Leadership skills you need after Covid19
I want to write this one because various people have approached me with the same question: How do I make my people more engaged in the product or project?
How do I engage my team more?
I won’t reinvent the wheel, because people have been thinking about that already and have published very useful and easy-to-use tools. Furthermore, it’s ready to use. All you need to do is get familiar with those.
I assure you, you will feel as if you can transform the culture for the better.
Let me tell you about my observation
A lot of times people from various backgrounds come to me. Those are new technical leaders just starting, established and proven project managers seeking different approaches from what they are used to, and people who seek to convince their peers and stakeholders.
A lot of times I see the environments they and their peers and stakeholders are in using the same communication and engagement structures: Presentations, meetings without an agenda, brainstorming, discussions where opinion whales bloat up and passive people have daydreams. I also see cultural differences, where people have been taught to only speak when they have been asked. Which is difficult to unlearn when they join an environment where candid conversations are expected from them.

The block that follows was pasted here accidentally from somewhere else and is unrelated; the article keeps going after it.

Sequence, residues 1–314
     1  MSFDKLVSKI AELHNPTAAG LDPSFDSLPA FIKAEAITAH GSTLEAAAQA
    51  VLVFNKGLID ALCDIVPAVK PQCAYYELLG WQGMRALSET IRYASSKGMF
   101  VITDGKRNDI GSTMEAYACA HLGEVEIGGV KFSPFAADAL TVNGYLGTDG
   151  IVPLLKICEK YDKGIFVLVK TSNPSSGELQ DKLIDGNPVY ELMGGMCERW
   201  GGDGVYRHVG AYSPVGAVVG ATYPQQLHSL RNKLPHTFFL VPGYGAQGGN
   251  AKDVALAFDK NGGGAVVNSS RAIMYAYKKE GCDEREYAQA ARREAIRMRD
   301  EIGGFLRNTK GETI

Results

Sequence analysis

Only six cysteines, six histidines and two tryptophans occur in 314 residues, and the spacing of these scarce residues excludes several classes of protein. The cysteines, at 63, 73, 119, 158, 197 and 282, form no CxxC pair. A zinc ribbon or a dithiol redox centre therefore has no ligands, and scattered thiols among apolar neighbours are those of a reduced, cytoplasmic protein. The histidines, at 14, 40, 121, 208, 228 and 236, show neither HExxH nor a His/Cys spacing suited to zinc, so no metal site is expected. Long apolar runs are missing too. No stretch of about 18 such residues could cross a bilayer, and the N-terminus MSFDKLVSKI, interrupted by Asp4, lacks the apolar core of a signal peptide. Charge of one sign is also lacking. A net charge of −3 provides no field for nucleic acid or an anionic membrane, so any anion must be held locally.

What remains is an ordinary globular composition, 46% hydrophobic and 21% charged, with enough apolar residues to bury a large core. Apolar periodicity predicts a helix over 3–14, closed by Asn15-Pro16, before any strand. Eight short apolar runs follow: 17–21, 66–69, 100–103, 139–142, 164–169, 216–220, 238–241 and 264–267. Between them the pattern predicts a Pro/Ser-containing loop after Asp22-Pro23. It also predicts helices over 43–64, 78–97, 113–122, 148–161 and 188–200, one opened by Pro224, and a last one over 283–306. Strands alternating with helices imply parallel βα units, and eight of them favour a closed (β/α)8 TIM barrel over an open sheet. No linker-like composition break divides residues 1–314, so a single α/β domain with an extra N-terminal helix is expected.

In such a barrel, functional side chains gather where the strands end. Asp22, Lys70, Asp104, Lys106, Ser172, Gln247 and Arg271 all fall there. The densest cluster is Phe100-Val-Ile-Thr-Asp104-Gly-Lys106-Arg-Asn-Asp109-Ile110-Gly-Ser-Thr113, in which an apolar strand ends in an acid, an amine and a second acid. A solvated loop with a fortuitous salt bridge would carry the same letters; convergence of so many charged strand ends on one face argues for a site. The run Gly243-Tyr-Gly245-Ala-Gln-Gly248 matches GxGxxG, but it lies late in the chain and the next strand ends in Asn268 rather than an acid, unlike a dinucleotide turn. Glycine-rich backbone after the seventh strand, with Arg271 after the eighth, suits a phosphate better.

This behavior often leads to many valuable ideas, inputs, and data being lost, because people often lose the sense of candid conversations, and collaborations and make use of reports rather than making things transparent from a different point of view.